Tag Archives: Canberra

The best Belconnen Christmas lights – 2016 edition

21 Dec

After the success of last year’s Best Belconnen Christmas lights, I had to get back out and again experience one of the things that really makes this time of year feel like Christmas to me. Here are my Top 3 picks for 2016!

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Why I’m a Belconnen candidate in the ACT election

22 Aug

Next week marks In The Taratory’s fifth birthday.

It’s a fitting time for the blog to officially take a hiatus.

Here’s why.

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The Slip Lane, The Street Theatre*

28 Jul

I attended The Slip Lane as a guest of the Aspen Island Theatre Company.

It’s a rare occasion that I leave the theatre knowing less about the play I’ve just seen than before I walked in. But that’s the case with locally-based The Slip Lane by Julian Hobba.

Divorcee Matthew (Dene Kermond) lives in four-bedroom house Palmerston – yep, this play is set in Gungahlin. And Matthew has been mulling over a suggestion for a road improvement – a slip lane at Gundaroo Drive and Gungahlin Drive (Extension).

Matthew is so enthused with his suggestion, he heads to Access Canberra – the Service Centre in Gungahlin, no less – to wait to provide his suggestion which falls on deaf ears. While he waits, he meets Missy (Clare Moss) who lives near Percival Hill (a walk I’ve reviewed!) (I presume she’s in Crace). She’s there to complain about a creature she’s seen at night that has bulging red eyes and three heads (and she gets excellent service, with rangers continually visiting but finding nothing). Matthew is happy to come check out what’s going on and allay her concerns – and perhaps romance is on the cards, too.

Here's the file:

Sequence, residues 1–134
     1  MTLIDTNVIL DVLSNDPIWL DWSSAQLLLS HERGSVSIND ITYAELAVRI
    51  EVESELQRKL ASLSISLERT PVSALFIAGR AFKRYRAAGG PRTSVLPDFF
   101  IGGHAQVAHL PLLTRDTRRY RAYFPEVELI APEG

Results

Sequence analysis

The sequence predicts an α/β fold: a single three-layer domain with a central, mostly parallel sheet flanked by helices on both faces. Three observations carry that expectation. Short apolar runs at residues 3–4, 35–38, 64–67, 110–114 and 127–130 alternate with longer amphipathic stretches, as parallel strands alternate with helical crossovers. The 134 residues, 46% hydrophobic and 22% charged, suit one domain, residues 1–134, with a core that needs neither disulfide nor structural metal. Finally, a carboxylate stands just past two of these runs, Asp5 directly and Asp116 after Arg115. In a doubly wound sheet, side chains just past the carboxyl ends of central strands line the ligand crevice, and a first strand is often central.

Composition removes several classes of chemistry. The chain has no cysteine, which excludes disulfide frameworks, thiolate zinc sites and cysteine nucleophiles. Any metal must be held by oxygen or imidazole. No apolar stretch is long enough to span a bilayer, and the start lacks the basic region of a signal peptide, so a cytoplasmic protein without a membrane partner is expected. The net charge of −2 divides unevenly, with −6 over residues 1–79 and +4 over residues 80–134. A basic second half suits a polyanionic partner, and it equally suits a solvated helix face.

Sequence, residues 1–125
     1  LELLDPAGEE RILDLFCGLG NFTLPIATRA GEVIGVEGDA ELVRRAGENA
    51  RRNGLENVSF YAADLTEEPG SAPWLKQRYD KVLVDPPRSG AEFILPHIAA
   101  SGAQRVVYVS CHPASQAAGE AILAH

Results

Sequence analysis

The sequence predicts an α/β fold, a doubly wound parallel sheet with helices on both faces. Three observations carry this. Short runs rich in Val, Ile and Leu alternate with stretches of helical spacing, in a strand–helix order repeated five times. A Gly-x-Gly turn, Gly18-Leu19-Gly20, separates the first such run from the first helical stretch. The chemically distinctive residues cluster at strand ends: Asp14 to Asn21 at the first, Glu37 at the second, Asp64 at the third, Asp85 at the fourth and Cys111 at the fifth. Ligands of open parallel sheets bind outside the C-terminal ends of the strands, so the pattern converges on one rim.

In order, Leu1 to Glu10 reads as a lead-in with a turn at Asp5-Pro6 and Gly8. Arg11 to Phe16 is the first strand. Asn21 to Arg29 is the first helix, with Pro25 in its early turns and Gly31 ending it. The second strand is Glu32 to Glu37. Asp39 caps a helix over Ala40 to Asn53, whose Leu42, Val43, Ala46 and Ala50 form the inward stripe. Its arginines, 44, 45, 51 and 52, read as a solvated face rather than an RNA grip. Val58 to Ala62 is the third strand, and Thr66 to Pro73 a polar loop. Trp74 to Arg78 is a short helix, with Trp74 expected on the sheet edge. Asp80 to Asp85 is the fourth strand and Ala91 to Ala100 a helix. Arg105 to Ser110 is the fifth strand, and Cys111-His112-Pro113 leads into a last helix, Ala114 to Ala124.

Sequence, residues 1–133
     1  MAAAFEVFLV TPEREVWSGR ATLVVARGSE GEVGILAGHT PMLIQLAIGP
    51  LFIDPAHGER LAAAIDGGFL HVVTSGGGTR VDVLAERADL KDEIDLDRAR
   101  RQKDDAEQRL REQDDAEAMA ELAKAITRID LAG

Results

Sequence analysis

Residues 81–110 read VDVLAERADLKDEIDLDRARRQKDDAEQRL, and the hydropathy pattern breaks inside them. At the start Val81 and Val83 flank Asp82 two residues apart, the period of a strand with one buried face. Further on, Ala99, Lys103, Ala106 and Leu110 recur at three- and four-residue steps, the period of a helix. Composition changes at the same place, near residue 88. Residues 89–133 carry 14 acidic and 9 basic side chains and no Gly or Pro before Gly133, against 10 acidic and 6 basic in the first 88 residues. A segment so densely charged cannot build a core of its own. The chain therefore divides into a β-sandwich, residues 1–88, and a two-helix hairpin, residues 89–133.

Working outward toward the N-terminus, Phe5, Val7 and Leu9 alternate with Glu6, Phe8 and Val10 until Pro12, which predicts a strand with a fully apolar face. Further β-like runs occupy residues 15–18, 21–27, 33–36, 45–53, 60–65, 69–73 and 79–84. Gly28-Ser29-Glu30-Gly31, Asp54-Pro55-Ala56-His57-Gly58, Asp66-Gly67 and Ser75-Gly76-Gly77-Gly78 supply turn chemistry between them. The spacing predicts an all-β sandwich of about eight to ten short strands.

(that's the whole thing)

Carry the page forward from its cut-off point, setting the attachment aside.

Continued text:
Matthew ventures out into the nature park armed with Missy’s child’s toy sword. I’m convinced that this creature is going to turn out to be Chris the Sheep and I can continue to relate and enjoy what initially feels like a very Canberran play.

Alas, it’s not Chris the Sheep. It’s a demon and it really does have three heads and bulging red eyes.

Mind you – this all happens in the first 20 minutes of the 90 minute play. What follows next is the demon’s attempt for Gungahlin to secede, Hutt River Province-style; a campaign to make the slip lane reality; an approach to make Matthew a successful Senate candidate in what’s a nod to preference whisperer Glenn Druery; a murder; onesies; and garden gnomes crying blood.

The play swings from light humour to very dark themes; sincere moments to comedic violence. Sure, it’s absurdist – but it’s also overwhelming. The four actors fill the space and the themes, and on top of all their lines in the 90 minute, no-interval play, each delivers at least one solid soliloquy for reasons which I can’t quite grasp.

I’m really impressed with the use of digital backdrops to enhance each scene. Access Canberra really does look like Access Canberra; I can imagine the dripping blue light feature wall in any home built in the last 5 years; and Percival Hill is, I think, a grainy image of Percival Hill which makes it feel quite immersive. It, together with the clever use of lighting, helps centre a play which otherwise tries to do too much.

Date: Thursday, 28 July 2016

Cost: I attended as a guest; tickets are $32-38

Want more? Purchase tickets at thestreet.org.au. It’s on until Sunday evening.

Next to Normal, ANU Arts Centre*

9 Jul

I attended Next to Normal by Phoenix Players at the ANU Arts Centre as a guest

It’s a normal day in the Goodman household and it’s starting before dawn.